That the Holy Spirit "proceeds" from the Father and the Son in the sense of the Latin word procedere and the Greek προϊέναι (as opposed to the Greek ἐκπορεύεσθαι) was taught by the early fifth century by Saint Cyril of Alexandria in the East and even earlier by the fourth-century Western Fathers Ambrose, Augustine and Jerome, all of whom taught that the Spirit "proceeds" from the Father and the Son, though subordinate to neither. The Athanasian Creed, probably of the middle of the fifth century, and a dogmatic epistle of Pope Leo I. gives the same teaching,

Constantine Platis argues: "When the early Christian writers are not unanimous, it is best to remember the words of St. Vincent of Lerins, a Church Father who says that in the universal Church we should be very careful to teach only what 'has been believed everywhere, always, and by all' or at least by 'almost all' our holy ancestors and Fathers (Commonitory 2 [6]). The filioque was not taught 'always' (it was not taught before the 5th century); nor has it been taught 'everywhere' (it has been believed only in the Latin Church)"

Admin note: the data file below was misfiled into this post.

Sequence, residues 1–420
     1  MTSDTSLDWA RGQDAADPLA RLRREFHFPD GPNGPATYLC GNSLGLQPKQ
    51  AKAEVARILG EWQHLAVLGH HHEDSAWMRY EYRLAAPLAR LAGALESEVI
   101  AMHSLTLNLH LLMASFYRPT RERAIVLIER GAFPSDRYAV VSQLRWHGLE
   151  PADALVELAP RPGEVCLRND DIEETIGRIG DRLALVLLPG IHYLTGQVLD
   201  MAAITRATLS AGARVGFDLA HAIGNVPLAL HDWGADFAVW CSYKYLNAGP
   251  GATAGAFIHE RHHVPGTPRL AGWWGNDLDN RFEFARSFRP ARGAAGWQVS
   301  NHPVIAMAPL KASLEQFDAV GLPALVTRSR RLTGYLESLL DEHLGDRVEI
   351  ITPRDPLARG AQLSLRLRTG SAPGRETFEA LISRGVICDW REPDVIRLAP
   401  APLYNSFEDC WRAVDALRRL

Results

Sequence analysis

On the other hand, denial that the Holy Spirit "proceeds" (προϊέναι, procedere) from the Father and the Son arose much later, appearing only at the start of the ninth century.

East-West controversy

As indicated above, the doctrine did not become a matter of controversy until Photius made it such in 864, affirming that it was contrary to the teaching of the Fathers and even suspecting that the relevant passages were interpolations. The opposition strengthened with the East-West Schism of 1054.

Two councils held to heal the break discussed the question.

The Second Council of Lyon (1274) accepted the profession of faith of Emperor Michael VIII Palaiologos in the Holy Spirit, "proceeding from the Father and the Son" and the Greek participants, including Patriarch Joseph I of Constantinople sang the Creed three times with the Filioque addition. Though Emperor Michael had in 1261 succeeded in winning back the city of Constantinople, which had been in the hands of Westerners since the sack of Constantinople in 1204, most Byzantine Christians refused to accept the agreement made at Lyon with the Latins. In 1282, Emperor Michael VIII died and Patriarch Joseph I's successor, John XI, who had become convinced that the teaching of the Greek Fathers was compatible with that of the Latins, was forced to resign, and was replaced by GregoryII, who was strongly of the opposite opinion.